4. High-Yield Checking Accounts
There are high-yield checking accounts that offer better interest rates than savings accounts. Some of these checking accounts offer up to 5.00% annual percentage yield, in contrast to savings account rates of only 0.09%.
To obtain the higher interest rates, customers typically have to meet certain requirements, such as a minimum balance, establishing direct deposit or bill pay or conducting a minimum number of monthly debit card transactions. If account holders fail to meet the requirements for receiving the higher rates, there's usually no penalty. They just receive whatever the standard lower rate is instead.
5. Peer-to-Peer Lending Services
Peer-to-peer lending services, usually operated through websites, have become increasingly popular in recent years. Peer-to-peer lending provides a way for individuals looking to borrow money to obtain personal loans outside of going to a bank, and for individual lender investors to earn excellent returns on investment by funding the loans with their lending account deposits. Through websites such as Prosper.com, individuals on the lending side provide loan capital for individuals on the borrowing side.
Lending accounts with peer-to-peer lenders are not FDIC-insured like a savings account at a bank, and it is possible to lose money. However, the overwhelming majority of investors are able to consistently realize annual returns in the neighborhood of approximately 8% to 15%, with very little genuine risk. Borrowers are screened by the service and must meet certain requirements in order to obtain loans.
The feature of peer-to-peer lending that vastly reduces risk is the structure of the loans. The risk on any individual loan is spread across a large number of lender investors. Individual lenders usually fund no more than $25 to $50 of any one loan. An individual seeking a loan of $2,000 for home improvements, for example, may have the loan funded by 40 different individual lenders, each providing $50 toward the loan total.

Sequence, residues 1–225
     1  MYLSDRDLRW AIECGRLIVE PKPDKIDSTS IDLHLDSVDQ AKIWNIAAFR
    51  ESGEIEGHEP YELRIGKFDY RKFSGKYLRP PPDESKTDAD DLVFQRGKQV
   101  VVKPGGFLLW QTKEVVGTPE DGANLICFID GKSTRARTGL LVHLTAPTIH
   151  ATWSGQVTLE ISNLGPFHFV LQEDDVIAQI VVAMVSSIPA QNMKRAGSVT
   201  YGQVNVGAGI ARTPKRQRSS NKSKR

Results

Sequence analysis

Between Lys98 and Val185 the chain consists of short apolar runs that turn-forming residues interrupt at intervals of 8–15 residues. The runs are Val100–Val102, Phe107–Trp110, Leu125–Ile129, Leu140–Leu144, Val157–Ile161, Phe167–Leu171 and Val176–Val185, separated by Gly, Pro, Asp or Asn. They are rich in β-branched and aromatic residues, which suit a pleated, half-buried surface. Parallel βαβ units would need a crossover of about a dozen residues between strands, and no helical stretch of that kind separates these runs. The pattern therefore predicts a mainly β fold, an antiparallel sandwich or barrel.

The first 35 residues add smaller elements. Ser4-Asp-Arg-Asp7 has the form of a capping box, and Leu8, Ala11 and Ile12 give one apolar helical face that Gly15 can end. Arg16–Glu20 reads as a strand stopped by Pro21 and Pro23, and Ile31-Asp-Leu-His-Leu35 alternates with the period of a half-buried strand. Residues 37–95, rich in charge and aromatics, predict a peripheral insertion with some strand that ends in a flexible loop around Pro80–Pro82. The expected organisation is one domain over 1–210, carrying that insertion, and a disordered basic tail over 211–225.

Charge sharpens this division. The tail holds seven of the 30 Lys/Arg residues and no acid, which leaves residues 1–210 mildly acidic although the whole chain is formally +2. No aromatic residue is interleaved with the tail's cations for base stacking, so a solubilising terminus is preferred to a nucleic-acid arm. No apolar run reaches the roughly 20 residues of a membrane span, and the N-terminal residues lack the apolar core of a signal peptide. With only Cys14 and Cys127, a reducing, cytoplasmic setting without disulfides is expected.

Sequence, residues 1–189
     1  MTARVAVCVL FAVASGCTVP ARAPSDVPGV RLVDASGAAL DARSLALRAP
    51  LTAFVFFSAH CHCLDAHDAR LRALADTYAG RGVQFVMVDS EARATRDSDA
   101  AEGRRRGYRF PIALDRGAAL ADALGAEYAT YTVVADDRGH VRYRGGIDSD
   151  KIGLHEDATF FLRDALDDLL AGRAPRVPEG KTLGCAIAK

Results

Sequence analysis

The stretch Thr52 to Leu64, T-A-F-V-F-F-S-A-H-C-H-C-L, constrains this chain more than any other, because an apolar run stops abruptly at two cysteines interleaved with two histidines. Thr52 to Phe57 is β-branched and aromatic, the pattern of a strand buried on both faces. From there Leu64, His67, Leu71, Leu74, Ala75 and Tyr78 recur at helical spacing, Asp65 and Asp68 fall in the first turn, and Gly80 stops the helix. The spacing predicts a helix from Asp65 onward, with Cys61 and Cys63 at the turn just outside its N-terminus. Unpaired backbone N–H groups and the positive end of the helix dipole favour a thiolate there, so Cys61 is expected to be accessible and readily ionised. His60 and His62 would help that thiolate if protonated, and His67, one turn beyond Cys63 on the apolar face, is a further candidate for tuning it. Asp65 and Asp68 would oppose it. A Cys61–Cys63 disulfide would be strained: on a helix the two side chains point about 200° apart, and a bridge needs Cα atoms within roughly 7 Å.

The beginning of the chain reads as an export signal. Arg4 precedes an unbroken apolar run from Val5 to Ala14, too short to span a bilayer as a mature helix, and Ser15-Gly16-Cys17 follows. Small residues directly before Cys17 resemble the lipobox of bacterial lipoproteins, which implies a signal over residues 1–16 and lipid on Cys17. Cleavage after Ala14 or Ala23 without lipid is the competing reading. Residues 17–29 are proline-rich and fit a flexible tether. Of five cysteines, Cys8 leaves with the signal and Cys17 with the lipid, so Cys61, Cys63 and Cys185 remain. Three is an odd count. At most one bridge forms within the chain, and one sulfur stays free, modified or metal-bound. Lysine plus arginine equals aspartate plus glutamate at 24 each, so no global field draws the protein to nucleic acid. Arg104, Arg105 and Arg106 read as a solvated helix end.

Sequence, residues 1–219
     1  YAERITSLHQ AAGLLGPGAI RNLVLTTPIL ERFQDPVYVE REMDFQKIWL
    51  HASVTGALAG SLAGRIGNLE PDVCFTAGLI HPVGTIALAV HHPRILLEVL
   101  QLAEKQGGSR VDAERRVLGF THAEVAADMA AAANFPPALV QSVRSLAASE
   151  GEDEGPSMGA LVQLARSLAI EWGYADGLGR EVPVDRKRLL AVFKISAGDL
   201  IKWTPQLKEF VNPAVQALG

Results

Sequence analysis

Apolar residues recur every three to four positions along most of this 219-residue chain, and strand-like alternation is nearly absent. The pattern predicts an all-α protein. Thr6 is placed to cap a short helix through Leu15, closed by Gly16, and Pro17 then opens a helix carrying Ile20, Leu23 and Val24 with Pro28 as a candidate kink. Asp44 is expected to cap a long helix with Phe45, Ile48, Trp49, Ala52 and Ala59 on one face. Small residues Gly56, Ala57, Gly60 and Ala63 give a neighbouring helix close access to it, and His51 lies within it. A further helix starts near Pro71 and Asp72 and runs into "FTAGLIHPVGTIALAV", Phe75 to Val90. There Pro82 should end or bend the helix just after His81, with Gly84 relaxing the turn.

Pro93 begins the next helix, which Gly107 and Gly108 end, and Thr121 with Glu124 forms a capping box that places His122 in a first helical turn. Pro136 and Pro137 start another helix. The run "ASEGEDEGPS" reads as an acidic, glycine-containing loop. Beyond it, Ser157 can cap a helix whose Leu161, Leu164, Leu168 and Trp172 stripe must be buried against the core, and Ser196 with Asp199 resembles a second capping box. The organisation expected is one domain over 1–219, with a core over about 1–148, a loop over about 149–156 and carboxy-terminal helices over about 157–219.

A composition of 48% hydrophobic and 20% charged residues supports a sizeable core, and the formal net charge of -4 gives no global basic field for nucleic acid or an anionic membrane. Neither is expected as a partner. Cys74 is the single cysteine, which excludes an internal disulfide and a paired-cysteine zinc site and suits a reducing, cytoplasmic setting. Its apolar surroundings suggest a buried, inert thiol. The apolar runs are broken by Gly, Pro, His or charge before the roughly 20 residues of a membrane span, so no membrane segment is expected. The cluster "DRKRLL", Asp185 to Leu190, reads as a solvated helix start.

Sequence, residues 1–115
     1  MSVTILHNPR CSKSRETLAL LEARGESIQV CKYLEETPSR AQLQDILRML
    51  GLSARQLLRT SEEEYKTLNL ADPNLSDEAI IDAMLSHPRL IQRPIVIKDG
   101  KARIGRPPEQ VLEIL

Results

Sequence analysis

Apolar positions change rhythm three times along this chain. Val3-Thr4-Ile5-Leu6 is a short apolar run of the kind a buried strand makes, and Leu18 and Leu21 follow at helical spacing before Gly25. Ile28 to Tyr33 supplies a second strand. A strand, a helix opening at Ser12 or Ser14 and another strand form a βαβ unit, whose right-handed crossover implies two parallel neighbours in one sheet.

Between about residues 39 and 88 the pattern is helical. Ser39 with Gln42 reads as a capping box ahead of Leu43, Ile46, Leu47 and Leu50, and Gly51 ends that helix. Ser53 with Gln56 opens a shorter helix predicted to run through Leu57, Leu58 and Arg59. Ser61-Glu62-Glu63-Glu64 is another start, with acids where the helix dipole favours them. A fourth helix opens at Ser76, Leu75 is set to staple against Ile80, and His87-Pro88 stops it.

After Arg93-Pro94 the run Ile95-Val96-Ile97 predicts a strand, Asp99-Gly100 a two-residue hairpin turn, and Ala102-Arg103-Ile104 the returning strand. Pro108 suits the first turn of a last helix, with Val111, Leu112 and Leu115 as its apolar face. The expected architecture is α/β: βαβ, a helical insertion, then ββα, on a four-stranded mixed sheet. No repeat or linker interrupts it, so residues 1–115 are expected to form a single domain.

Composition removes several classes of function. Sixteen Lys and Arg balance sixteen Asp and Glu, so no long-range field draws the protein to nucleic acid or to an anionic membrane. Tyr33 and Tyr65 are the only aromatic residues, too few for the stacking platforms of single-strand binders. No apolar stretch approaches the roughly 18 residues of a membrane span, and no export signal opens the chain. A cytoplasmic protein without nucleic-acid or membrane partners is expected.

The lending service evaluates borrowers and the purpose of the loan to determine credit risk and the interest rate to be charged for a loan. Individual lender investors can select their level of risk to determine which kinds of loans their money will be used to fund. Even if a single borrower defaults now and then, because the investment is spread across so many different loans, in 2017 lender investors were able to earn an overall return of 6% to 10.8%, depending on the loan grade of risk. In 2017 the loan default rate on Prosper.com ranged between 2.6% and 15.9%, again depending on the loan grade of risk.
One of the advantages of putting money into a peer-to-peer lending account is that an individual can open a lending account with a very low minimum deposit, as little as $25 to $50, then add money to the account monthly just as one does with a savings account.
Although this option is not government-insured, guaranteed income in the same way that a savings account is, it can be a low-risk investment that offers potential returns far above what a regular savings account offers. However, the regulatory environment around P2P lending is complicated and can differ from state to state. Due diligence before investing – and careful examination of how payment to you as a lender is organized – is especially necessary here. (For more, see How to Invest in Peer-to-Peer Lending.)
The Bottom Line
There are definitely alternatives to the traditional passbook savings account that allow you to earn higher interest rates on your money. They may not offer the liquidity of a savings account and they do come with requirements ranging from minimum balances and monthly limits on transactions to lack of federal insurance. But, depending on your financial situation, they could prove attractive.